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Wandering On The Backroads Of America

A number of years ago, I had just dropped off my family at the airport in South Bend, Indiana as they flew to visit relatives living on the west coast. Knowing that if I went with them, I would be the chauffeur for 2 women and 4 kids (did not count their dog...but it was a factor) in Seattle (a beautiful city, but a city I had yet to visit)...I chose to stay in Michigan (working proved to be much more restful than being a driver in Washington State). I decided, on a whim, to travel as many small roads between South Bend and the Detroit Metro area to visit my Dad. Being a planning kind of guy....the word "whim" is a bit foreign to me....but I took a chance. I looked at the area between the two locations...and immediately removed any travel choices on a highway or 2 lane road.

I was on a black and white photography kick (and had no clue what I was doing) and decided to find old barns and any abandoned small building with character. Being a male....and a man who even once took a cartography (map drawing) class in college (yes...on purpose)....I used the map only to be sure I was NOT heading toward that well beaten path of the masses.

Along the way I found a barn here....a farmhouse there.... Then I headed toward a small town. After all of these years, I cannot remember the name of the town (if you want that cluster of buildings a town)....but I remember the building. It once was the pride of the area. The school...not what you would expect...not a one room schoolhouse. Maybe it had two or three rooms. It was a single story building. Now covered in faded and flaking white paint, it was still able to grab my attention. Symmetrical in its design, the entrance split the mirror images of the left...and the right. Two windows were located high, accented by a bit of a curved gable. Some of the glass in the windows had fallen prey to a well aimed, or lucky, thrown stone....but the building, although simple...was still majestic in its own way. The roof looked to be in good condition. The door had not been opened in many years.

The lot was ringed by an older chain linked fence...the gate closed and locked long ago...and the key to unlock it had been lost over time. Weeds had overtaken the lot...and were now over two feet high. Yet, something pulled me to that place. I thought I would spend a few minutes taking a couple of photographs...then I would go. I was there, in that small town, too small for even a blinking stoplight...for over an hour. This was a time of using rolls of film....and I used an entire roll on this building that many would never see.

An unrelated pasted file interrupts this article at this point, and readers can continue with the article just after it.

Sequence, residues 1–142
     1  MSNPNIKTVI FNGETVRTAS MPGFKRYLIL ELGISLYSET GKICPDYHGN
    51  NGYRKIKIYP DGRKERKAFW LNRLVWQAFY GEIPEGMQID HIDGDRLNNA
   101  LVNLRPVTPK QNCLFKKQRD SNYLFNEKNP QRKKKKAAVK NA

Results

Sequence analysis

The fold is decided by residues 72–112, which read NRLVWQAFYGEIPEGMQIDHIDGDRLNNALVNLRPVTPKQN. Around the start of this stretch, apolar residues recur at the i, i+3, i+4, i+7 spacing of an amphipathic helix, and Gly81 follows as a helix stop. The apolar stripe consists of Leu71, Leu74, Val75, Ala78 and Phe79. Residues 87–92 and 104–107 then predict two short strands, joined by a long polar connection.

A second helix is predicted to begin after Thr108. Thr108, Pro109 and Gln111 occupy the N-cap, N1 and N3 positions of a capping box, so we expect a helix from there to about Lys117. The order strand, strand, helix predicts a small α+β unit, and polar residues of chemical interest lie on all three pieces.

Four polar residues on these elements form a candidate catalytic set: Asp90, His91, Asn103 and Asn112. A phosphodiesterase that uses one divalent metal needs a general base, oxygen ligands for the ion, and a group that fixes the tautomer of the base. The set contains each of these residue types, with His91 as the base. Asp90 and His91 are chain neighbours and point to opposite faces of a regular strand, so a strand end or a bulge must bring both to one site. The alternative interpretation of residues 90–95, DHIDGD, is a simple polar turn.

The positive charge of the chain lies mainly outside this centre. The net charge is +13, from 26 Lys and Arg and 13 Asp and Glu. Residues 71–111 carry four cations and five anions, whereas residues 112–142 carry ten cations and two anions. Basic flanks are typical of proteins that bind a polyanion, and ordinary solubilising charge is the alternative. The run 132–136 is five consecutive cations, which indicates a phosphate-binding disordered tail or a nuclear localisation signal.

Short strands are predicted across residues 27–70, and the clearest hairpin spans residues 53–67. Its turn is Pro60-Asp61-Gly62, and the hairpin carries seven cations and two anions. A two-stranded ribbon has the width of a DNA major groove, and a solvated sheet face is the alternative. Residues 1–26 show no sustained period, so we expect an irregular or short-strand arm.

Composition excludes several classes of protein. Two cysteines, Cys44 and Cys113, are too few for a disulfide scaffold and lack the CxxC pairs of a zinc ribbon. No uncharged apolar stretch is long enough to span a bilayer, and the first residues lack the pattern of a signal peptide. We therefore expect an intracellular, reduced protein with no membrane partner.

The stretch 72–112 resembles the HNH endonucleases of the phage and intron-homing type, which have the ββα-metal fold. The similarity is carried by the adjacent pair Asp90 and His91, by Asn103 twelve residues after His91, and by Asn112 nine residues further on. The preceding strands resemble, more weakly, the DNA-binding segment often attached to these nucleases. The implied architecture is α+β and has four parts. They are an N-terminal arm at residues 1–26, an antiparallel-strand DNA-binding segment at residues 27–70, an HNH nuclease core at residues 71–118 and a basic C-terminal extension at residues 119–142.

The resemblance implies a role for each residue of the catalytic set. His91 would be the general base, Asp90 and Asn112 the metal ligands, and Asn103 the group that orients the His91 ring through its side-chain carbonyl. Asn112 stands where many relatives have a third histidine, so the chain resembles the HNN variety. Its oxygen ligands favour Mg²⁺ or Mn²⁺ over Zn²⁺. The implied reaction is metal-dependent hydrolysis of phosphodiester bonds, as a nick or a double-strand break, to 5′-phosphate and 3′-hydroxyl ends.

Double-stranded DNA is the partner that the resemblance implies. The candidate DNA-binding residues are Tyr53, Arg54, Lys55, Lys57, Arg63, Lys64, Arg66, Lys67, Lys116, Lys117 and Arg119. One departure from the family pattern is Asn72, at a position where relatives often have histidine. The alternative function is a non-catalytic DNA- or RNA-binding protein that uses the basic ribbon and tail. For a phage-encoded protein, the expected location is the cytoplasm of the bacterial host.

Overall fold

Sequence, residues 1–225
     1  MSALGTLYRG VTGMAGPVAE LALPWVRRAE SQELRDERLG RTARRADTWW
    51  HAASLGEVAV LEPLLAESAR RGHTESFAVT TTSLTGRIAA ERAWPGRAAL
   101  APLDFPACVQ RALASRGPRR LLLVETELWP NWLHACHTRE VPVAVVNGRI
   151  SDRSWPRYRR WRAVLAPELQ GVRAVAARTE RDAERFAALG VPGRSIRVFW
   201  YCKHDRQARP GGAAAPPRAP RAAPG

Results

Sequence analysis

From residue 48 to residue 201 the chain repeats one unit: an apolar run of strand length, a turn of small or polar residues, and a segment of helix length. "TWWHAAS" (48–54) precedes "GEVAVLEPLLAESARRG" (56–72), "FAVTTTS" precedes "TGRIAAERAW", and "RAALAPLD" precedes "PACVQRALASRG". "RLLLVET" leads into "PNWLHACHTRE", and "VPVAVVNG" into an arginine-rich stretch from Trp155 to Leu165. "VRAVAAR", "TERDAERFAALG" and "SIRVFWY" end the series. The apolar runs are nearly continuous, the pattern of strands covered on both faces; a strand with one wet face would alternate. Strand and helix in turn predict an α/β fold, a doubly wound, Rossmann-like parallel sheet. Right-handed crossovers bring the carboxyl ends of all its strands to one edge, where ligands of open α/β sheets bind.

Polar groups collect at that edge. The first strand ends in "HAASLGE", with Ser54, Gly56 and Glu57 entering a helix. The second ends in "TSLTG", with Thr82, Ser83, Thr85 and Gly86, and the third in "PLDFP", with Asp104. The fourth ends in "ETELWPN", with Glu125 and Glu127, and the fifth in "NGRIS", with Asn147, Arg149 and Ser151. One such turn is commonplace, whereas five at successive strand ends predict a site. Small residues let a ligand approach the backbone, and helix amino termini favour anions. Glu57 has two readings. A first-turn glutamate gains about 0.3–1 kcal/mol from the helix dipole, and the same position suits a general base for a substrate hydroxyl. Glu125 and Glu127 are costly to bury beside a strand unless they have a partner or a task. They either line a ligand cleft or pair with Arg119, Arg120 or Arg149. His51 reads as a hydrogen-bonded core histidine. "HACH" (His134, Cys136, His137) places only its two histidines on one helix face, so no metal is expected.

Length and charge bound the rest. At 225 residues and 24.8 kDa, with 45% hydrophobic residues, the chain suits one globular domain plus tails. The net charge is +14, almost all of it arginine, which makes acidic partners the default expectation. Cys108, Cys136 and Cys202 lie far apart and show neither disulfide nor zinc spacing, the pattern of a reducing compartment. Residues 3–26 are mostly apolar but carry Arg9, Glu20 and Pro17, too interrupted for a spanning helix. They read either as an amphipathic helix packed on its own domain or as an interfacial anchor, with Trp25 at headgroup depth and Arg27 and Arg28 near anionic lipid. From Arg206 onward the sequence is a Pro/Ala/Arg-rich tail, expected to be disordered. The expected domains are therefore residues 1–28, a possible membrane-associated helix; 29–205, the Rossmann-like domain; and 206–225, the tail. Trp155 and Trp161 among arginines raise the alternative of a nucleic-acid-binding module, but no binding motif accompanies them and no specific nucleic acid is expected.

I thought about all of the people in the county, long since gone, that went to that school. I did not see its neglect...but what I did see was a building of character, the pride of the area,.and the lives it changed. It transformed mine.

Take time to travel the back roads of your area. Take time to go off that beaten path...and find your own old building. If you live in a city...look, really look, at some of the buildings downtown....even those that are neglected...and think of their history...

It was a much longer trip than it had to be....to get from point A...to point B. And I would do it again in an instant.
EloquentExec EloquentExec 51-55, M 8 Responses Nov 25, 2011

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It was a great way to remember.....what matters.

A great adventure, Im sure.

Belatedly...thank you all for your comments

I still love to travel the backroads of Indiana

How fun!

Try it sometime...

Great story!! I absolutely adore old buildings and in the quiet if you listen long enough you can hear the echo's of their stories blowing in the wind. Like you when I see them there's a lure that attracts my attention as I think about that building in its glory days. I had the pleasure of living near one of the old one room school houses. Drove by it everyday for years and I absolutely adored it. I was lucky enough to be able to know some of the last people who attended that little school. Saw some pictures of the inside full of students. Found some old signature cards of poems and verses they traded back and forth.<br />
It went up for sale and my heart broke as it was converted into a home. Along the way I have found many little treasures like this, and the affect has always been the same. :)

That is EXACTLY what I wanted to express. You could nearly feel the history of the area that pulsed through that single building. Thank you for your kind comments.

As usual, ELuv....you constantly amaze me. I have always wanted to do Geocaching. It is the small things....those overlooked things that we notice when we look at our daily lives with a new perspective.<br />
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And, as always...thank you for your reply

I've done my version of this on foot using Geocaching. It's kind of like a treasure hunt using a GPS system. People all over the world hide treasures and give clues on the internet (geocaching.com). I thought I'd walked all over my town and seen it all .... that was, until a friend arrived for a visit. He's an avid geocacher and informed me that there were about a dozen treasures hidden around my little town. We set out to find them. The treasures weren't the real prize ... it was the hidden alleyways and little trails that I never knew existed.